Let’s be honest – I tend to get pretty introspective around the new year. Not in a dark way, but certainly many of my thoughts are dedicated to what I have done but many more of them are focused on what I have not accomplished, or sub-optimal results. It’s my nature to be more critical than not. I have spent a lot of energy the last year or so trying to celebrate the positives, and with my friends in the SIGUCCS tribe I have made a lot of progress, but I still have a long way to go. One thing the Tribe has helped me do, though, is to turn these critical moments and make them points for improvement or at least lessons learned rather than merely negatives with which to obsess. Considering I came to Menlo College with the fundamental goal to learn about being a CIO (and an institutional leader and manager, of course), let’s see how I’ve done.
The Best Advocate for You (and your school) is You
I like to work on relationships with our partners and even vendors. I like to cultivate connections with someone like our Value-Added Reseller (VAR) where they understand our needs and appreciate my expectations. I hope that vendors – actual manufacturers – will work with us on deals and pricing that show appreciation for our small institution and staff. I’ve also spent a lot of time building partnerships around campus, with other leaders, department heads, faculty and staff. In many ways I hope that these local relationships will yield strong voices of support. For example, I have tried to reach a point with a VAR where, when a project comes up, my priorities (do things the “right way,” and don’t presume that I want the easy way just because we’re small) are their priorities. I had begun to believe that vendors would go the extra mile for us on implementations and installations. I’d also started hoping that partners around campus would speak up for us when appropriate and helpful to all parties.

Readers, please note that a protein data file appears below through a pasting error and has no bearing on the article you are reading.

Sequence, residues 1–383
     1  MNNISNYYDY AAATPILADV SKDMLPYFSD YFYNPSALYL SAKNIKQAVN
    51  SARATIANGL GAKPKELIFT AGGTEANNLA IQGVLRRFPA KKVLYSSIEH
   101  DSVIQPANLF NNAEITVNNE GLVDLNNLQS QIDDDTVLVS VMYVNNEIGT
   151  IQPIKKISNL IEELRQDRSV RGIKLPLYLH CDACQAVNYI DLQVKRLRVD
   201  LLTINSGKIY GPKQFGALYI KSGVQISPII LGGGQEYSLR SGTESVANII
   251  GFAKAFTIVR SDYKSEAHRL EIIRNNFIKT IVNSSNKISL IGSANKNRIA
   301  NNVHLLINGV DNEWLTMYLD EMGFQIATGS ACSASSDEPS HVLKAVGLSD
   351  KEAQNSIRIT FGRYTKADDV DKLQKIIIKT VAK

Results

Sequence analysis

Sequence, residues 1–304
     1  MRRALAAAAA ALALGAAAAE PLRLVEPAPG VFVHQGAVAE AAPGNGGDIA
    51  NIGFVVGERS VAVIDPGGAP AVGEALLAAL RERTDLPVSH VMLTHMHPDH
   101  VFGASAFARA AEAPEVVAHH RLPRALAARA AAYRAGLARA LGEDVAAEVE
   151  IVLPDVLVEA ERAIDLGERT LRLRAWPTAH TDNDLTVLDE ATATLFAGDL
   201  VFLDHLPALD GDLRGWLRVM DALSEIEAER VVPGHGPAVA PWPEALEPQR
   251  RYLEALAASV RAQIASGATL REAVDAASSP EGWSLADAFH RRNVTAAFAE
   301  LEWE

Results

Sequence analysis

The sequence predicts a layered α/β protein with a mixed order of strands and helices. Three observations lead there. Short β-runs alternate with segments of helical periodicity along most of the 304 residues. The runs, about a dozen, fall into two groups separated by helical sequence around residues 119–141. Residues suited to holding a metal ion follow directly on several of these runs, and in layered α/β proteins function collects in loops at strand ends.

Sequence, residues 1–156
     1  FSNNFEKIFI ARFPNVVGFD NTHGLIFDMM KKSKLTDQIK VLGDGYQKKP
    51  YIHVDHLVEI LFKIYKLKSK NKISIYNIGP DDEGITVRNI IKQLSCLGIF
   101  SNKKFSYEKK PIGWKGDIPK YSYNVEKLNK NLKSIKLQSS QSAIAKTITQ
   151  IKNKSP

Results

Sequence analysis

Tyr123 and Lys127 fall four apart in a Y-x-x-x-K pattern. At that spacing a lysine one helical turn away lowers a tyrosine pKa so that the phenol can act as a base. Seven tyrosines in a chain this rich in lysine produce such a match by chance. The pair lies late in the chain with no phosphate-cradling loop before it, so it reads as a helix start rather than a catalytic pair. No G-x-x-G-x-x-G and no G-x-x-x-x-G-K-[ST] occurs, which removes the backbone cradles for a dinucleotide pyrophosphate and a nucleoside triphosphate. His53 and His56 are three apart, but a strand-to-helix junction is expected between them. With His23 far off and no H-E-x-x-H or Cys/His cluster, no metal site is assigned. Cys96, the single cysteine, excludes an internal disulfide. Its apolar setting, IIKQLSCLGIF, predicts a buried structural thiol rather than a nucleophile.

This was a stupid and naive approach.
At the end of the day, the only person (or group) that can effectively advocate for your vision, your priorities, and your needs is YOU (or your department). The only one that can always ask “wait, but what’s the right way to do that, not just the ‘small college’ way?” is going to be the person paying for those services. The only one that will even consistently notice that things have not been done that way is going to be you – outside groups will not be reliably pro-active to pursue the path that you prefer or even need. At the very least, one must be vigilant for any presumptions made and constantly verify that everyone is on the same page. You are the owner of your processes and solutions, plain and simple.
And regardless of how strong that relationship is with a partner on campus, even if all parties are seeking progress and there is no pettiness or personal gain issues at play, no one can truly take your place at the table. We all work hard to get to the table, and we need to be there when the questions come up.
This might seem pretty obvious, and in many ways I hope it is to most people. My point is a more nuanced one. We have faith in our efforts to form partnerships, and we pursue them so that we are working together more often than one for one another. We can and should still try to establish these relationships and invest the time needed to maintain them. But its naive to believe that you can let things just go on their own way without constantly checking on things. And remembering that at the end of the day – every day – you are the one that has to be the advocate for your institution’s or department’s needs.
Don’t Under-Manage your Projects. Ever.